Chess: Viswanathan Anand plays out draw with Magnus Carlsen in game 8

Updated on Nov 19, 2014 02:18 AM IST

In the eighth game of the World Chess Championship, Viswanathan Anand, playing with white pieces, shared honours with Magnus Carlsen. With just four games left, Magnus leads 4.5-3.5, with two white games for each player remaining.

Hindustan Times | By, New Delhi

In the eighth game of the World Chess Championship Viswanathan Anand playing with white pieces drew with Magnus Carlsen.


Game board

Trapping Anand with home prep

In game 8, Queen's Gambit - d4 Nf6 2. c4 e6 3. Nf3 d5 - was played in the opening. Learn more about Queen's gambit here.

From the very first move Carlsen was in 'blitz mode'. Magnus was very well prepared for the game and so he replied for Anand's moves in lightening speed.

Susan Polgar, famous chess commentator, wrote in her live blog, "He is playing mind games with Anand. He's telling Anand that I'm well prepared for my stuff."

Magnus played the first 17 moves in fifteen minutes, while Anand took one hour. A 45 minute clock gap within 17 moves was threatening for Anand. It seemed like Magnus had trapped Anand using his home preparation.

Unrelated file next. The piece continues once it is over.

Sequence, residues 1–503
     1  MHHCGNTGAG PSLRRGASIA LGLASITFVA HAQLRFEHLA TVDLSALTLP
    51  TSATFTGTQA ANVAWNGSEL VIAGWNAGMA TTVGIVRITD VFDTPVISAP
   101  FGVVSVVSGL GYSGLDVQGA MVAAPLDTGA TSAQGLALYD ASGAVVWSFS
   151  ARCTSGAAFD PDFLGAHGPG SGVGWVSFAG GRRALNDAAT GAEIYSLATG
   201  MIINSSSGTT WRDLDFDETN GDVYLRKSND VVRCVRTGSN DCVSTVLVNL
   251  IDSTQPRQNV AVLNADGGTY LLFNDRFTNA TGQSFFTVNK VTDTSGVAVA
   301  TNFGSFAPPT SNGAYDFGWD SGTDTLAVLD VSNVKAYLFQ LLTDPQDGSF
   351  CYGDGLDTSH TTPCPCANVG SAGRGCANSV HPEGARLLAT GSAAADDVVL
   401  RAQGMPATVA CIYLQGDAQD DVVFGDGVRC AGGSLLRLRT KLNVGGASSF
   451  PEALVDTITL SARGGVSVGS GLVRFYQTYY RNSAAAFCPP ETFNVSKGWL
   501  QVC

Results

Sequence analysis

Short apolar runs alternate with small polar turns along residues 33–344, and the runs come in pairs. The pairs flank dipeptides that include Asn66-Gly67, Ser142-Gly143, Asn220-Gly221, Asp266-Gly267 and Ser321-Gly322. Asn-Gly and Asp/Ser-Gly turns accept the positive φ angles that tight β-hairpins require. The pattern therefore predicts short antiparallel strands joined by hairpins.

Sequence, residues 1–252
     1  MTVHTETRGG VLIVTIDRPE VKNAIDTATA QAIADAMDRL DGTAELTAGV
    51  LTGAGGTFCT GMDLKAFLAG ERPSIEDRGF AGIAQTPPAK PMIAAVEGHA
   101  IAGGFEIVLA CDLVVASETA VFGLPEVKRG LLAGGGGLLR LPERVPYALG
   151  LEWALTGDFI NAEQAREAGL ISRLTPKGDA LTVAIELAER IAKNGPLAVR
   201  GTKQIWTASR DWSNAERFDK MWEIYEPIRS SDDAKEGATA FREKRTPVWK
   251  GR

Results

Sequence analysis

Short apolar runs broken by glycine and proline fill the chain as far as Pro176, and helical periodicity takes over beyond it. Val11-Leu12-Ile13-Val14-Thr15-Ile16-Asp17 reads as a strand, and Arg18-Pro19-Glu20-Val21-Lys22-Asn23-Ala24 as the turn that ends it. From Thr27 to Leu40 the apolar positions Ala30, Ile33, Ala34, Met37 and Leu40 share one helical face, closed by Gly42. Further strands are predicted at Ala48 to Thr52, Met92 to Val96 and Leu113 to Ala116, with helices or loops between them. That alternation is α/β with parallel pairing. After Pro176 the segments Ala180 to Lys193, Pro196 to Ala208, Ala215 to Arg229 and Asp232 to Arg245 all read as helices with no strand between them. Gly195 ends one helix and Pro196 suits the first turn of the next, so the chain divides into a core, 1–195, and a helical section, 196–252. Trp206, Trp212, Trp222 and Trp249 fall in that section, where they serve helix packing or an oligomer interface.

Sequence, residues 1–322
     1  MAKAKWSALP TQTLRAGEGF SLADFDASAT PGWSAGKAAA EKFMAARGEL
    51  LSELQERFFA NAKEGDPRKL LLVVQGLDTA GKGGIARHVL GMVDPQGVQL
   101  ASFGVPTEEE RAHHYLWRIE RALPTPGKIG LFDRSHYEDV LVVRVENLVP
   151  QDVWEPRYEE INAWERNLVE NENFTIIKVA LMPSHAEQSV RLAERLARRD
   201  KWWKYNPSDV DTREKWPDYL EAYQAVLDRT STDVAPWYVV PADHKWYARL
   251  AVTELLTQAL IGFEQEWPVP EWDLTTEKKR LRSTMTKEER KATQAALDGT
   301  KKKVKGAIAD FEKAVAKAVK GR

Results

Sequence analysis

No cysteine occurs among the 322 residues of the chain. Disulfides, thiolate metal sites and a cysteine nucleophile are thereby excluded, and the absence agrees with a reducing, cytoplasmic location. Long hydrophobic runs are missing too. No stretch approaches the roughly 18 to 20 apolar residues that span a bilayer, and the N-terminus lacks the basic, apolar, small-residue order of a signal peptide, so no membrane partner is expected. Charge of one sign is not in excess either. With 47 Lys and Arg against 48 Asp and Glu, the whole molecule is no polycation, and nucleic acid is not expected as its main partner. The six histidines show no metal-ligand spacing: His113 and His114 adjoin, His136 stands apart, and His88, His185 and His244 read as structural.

Variation

The first variation from theory came from Carlsen.



RD8 - first variation from theory

Anand took a lot of time to respond for this variation. For some reason World No 2 Fabiano Caruana didn't like this variation played by Magnus, he tweeted, "Surprised Carlsen is playing such a risky variation. No doubt he analysed it, but it's hard to account for all White's options."

This move changed the course of the match. Anand recounted this during the press conference, "This is not the most common move in this position. It wasn't the top move I was expecting. Still two white games left, so let's see"

Pieces exchanged

Magnus soon started exchanging pieces at will. In just five moves, from 23 to 29, both the queens and all the rooks were off the board.

Chess Arena's (a chess platform) commentator rightly pointed out "Carlsen is exchanging every piece on the board and why wouldn't be? He is still leading, and next game he'll be playing White."



Dead-draw position

From then on there was nothing to play for. The board had no threatening pieces and it was a dead-draw. Both players played out for sometime and then agreed for a draw.

Chess Arena commentator added, "With four games left, one must wonder when will the Tiger of Madras jump. He is a point behind and will certainly attempt something new and intriguing in the coming games."

With just 4 games left, Magnus leads 4.5-3.5, with 2 white games for each player.

Wednesday will be a rest day followed by game 9 in which Anand will be playing with black pieces.

Previous games

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  • ABOUT THE AUTHOR

    Vignesh Radhakrishnan was part of Hindustan Times’ nationwide network of correspondents that brings news, analysis and information to its readers. He no longer works with the Hindustan Times.

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